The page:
Where does it run?

Standard JavaScript runs on the end-user computer via a code interpreter built into the browser. Versions of JavaScript that run on the server have been developed, including Microsoft’s JScript and the framework node.js. Netscape developed a server-side version that ran on Netscape Enterprise Server, now Oracle iPlanet Web Server.
JavaScript is often included in the header of an HTML file, either as straight text or as a link to a separate .js file. This method can be used if the same code is to be used on multiple pages as an optimization technique, or as a method of keeping HTML and JavaScript code separate.

Libraries and frameworks

As with all coding platforms, there’s no point reinventing the wheel, and so libraries and frameworks are available to enable easy development of complex websites.
There is no standard library of functions or features as included in other languages – “stdlib” does not exist. However, a third-party open source Stdlib is in development, and will offer a collection of libraries for mathematics, statistics, data processing, and streams, along with many of the utilities expected in a standard library.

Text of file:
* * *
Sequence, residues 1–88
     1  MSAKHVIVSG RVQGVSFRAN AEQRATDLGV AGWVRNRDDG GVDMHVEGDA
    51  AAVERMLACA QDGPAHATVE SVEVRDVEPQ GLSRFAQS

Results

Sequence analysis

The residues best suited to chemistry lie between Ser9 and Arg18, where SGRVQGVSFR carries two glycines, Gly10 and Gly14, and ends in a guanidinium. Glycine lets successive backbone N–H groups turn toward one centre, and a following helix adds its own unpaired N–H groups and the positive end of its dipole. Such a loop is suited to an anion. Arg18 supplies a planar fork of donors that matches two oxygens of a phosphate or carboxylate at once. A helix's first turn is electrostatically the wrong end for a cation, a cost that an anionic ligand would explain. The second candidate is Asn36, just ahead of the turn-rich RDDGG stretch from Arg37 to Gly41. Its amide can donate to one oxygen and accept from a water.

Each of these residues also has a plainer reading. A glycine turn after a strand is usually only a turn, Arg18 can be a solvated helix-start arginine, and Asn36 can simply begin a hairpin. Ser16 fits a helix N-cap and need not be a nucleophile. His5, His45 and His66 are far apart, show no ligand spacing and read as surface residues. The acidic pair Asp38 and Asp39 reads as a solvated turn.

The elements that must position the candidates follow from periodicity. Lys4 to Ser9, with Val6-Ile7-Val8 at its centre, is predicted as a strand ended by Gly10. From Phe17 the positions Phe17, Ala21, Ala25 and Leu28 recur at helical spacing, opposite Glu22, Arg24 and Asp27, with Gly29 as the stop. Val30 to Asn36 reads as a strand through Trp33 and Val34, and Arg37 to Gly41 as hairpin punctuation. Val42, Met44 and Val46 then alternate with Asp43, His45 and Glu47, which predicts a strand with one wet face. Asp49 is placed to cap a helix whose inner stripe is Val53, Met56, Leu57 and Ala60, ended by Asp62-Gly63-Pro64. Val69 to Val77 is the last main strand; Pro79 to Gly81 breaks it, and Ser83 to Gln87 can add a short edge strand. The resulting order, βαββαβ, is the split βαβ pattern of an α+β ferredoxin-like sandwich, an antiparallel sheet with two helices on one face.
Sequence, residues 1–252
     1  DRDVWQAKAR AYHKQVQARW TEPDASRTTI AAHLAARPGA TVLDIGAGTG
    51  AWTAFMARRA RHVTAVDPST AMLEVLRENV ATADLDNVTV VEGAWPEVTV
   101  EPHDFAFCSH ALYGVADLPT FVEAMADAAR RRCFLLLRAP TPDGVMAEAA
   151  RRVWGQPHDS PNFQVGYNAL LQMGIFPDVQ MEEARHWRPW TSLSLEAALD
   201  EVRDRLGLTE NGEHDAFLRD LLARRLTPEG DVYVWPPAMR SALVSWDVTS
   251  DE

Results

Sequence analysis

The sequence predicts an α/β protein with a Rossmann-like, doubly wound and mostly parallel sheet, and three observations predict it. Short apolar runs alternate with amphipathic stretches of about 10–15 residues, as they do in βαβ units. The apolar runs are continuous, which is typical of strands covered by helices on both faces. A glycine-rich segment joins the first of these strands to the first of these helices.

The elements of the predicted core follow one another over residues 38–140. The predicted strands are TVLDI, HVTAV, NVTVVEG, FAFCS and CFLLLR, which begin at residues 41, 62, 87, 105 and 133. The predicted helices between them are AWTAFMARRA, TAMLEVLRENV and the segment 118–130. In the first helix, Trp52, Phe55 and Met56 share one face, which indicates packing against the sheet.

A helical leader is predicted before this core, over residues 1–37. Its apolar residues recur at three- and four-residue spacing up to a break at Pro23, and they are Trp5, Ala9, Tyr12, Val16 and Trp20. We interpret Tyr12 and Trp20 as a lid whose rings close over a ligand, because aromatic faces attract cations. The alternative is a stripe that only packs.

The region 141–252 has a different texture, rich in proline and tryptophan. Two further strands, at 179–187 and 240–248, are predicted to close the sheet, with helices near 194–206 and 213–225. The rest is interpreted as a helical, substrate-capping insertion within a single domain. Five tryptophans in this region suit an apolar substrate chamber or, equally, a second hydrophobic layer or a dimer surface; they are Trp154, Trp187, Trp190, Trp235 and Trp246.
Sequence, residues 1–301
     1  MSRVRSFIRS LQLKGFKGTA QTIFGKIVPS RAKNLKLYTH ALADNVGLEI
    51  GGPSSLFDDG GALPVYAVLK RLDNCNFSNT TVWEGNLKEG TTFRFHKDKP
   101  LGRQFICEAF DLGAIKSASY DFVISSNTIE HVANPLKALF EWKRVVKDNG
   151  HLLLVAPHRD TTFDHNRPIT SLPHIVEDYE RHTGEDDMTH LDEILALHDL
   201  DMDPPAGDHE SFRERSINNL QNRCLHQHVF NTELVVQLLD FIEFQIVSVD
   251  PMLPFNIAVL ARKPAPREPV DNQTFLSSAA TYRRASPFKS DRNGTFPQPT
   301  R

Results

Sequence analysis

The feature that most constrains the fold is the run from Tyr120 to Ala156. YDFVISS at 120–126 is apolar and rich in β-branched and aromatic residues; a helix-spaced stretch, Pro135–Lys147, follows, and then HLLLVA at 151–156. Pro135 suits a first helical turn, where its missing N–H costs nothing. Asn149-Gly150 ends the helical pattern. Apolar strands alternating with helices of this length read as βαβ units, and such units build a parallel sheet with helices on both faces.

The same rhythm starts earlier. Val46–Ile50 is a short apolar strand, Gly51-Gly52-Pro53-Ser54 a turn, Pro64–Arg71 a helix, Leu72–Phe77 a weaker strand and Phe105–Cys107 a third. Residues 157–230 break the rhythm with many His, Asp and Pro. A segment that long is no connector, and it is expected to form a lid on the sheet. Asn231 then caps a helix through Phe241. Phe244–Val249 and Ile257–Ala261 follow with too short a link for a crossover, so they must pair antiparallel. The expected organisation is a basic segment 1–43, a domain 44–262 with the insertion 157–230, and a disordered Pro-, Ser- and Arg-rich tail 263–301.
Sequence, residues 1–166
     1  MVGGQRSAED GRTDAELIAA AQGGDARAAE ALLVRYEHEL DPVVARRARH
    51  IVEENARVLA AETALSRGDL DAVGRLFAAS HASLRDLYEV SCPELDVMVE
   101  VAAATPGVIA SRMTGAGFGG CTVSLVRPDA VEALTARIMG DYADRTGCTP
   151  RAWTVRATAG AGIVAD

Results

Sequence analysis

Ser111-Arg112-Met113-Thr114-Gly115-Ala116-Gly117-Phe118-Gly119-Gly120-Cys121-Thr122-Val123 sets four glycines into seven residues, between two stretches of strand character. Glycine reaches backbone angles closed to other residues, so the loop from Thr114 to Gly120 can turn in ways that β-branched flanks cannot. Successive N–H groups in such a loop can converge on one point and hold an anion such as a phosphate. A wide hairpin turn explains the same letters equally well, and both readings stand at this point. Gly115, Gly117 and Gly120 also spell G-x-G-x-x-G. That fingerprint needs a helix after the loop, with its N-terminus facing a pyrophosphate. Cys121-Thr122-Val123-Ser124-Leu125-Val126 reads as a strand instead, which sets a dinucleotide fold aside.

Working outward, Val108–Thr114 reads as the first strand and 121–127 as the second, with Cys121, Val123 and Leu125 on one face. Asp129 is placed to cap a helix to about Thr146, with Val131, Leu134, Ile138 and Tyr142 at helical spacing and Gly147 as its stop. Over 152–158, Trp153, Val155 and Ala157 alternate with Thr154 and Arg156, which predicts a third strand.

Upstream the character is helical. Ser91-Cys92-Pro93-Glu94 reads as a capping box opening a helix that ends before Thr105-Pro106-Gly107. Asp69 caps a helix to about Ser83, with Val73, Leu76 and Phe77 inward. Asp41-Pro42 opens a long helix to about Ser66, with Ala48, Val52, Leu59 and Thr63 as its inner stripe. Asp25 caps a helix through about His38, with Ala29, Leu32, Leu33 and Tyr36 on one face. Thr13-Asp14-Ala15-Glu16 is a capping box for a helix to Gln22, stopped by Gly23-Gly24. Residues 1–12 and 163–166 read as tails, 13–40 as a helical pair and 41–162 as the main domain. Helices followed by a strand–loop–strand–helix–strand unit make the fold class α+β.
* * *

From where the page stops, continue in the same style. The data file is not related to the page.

Additionally, there is no standard way to output plain text from JavaScript, other than directly through the console. A simple “Hello World” may not be as easy as you may think in pure JavaScript, but bear in mind the JavaScript is often contained within HTML. Display text in HTML is just as simple as including it within the file.
There are other third-party libraries and frameworks available. Here are a few:


Used by Facebook among others, React is ideal for designing interactive user interfaces.


Often used for AJAX (Asynchronous JavaScript And XML) programming, allowing processing of tasks in the background, eg database queries for filling in search boxes as you type.


This is a framework, often used for single-page sites. It provides a skeleton site for you to begin with, and makes prototyping much easier.


A lightweight framework, suitable for designing user interfaces easily.

Is JavaScript the right choice for your project?

In most cases, the answer is a resounding **yes **if you need any sort of interactivity within your site. All modern web browsers support an implementation of JavaScript, and so coding in JavaScript means you can have your site work cross-platform and with little fuss. There are no special server requirements, as JavaScript is stored in plain text and runs on the client (browser) side. It is relatively lightweight, and easy to learn especially if you have had experience of other object-oriented languages.
The only potential downside is if you expect your site to be used on older browsers, as the language has evolved and been updated over time. However, as long as your visitors are using a browser written within the last ten years or so, everything should be fine!